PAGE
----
Following publication of the report, many unions widely considered to be government-aligned have initiated an apparently coordinated effort to urge Cambodia’s Interior Ministry to investigate CENTRAL’s operations and finances, participating in protests on June 14 and June 20 outside CENTRAL’s office. They accused CENTRAL of “damaging the country’s international reputation” and “impacting the national economy and the welfare of workers, purportedly at the behest of foreign donors.”

Three government-aligned unions have also filed unwarranted complaints with the Interior Ministry, requesting investigations of CENTRAL and its leadership.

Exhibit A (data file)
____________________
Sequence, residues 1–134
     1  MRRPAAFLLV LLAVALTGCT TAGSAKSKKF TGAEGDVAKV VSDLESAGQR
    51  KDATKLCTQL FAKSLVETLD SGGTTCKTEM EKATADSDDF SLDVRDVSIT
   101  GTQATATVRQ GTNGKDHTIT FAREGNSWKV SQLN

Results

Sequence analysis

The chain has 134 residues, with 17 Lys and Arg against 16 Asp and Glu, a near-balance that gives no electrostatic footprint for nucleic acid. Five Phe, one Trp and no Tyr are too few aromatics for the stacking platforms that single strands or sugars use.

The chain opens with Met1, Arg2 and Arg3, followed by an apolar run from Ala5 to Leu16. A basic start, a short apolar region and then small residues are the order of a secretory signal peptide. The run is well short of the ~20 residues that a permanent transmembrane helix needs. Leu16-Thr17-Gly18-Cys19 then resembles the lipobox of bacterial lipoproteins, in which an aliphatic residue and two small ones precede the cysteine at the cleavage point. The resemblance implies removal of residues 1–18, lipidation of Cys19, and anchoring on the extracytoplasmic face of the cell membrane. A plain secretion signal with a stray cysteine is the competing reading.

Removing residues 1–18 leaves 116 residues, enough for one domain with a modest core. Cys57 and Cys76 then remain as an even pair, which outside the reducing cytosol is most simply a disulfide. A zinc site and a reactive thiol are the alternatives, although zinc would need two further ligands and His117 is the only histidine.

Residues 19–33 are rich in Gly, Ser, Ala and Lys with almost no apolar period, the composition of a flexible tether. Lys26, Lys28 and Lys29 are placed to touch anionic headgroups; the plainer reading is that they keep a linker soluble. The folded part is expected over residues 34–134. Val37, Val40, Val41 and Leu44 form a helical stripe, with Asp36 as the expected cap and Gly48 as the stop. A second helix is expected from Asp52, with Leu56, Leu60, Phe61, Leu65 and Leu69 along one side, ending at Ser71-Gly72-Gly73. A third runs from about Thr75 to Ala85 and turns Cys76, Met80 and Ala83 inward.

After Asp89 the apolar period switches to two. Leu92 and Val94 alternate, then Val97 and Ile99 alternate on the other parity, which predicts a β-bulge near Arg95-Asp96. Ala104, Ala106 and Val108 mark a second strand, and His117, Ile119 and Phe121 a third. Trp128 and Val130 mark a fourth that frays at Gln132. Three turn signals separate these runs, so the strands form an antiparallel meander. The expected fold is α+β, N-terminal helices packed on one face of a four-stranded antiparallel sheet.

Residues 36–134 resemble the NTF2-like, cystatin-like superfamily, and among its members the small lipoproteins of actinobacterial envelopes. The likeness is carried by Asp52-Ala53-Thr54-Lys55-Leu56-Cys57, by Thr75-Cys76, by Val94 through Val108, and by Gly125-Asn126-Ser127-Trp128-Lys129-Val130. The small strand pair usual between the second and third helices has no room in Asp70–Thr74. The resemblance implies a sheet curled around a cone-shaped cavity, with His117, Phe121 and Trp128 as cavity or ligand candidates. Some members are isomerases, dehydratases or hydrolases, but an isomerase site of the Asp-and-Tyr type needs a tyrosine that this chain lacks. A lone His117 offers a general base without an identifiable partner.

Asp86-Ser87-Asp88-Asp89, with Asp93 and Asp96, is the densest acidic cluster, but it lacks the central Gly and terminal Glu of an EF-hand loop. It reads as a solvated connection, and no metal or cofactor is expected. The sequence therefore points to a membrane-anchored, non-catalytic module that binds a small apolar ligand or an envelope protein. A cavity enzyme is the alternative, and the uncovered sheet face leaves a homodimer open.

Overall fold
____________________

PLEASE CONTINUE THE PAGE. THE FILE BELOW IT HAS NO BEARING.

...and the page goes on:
On June 27, the government-aligned Cambodian Confederation of Workers Rights Protection Unions, filed a complaint at the Phnom Penh Municipal Court, the first of three complaints directed at CENTRAL. It alleged that CENTRAL’s program manager, Tharo Khun had publicly defamed it and accused him of incitement to discrimination, a crime that carries a one to three-year prison sentence. The complaint against Tharo’s alleged comments do not fit the definition of incitement to discriminate under article 496 of Cambodia’s criminal code. Cambodia’s incitement law is problematic and has been found by the United Nations Working Group on Arbitrary Detention to be inconsistent with international human rights standards. During a 2022 UN Human Rights Committee dialogue, a committee expert also expressed concern at the number of people who had been imprisoned under the criminal code provisions on incitement, insult, and defamation in the past five years.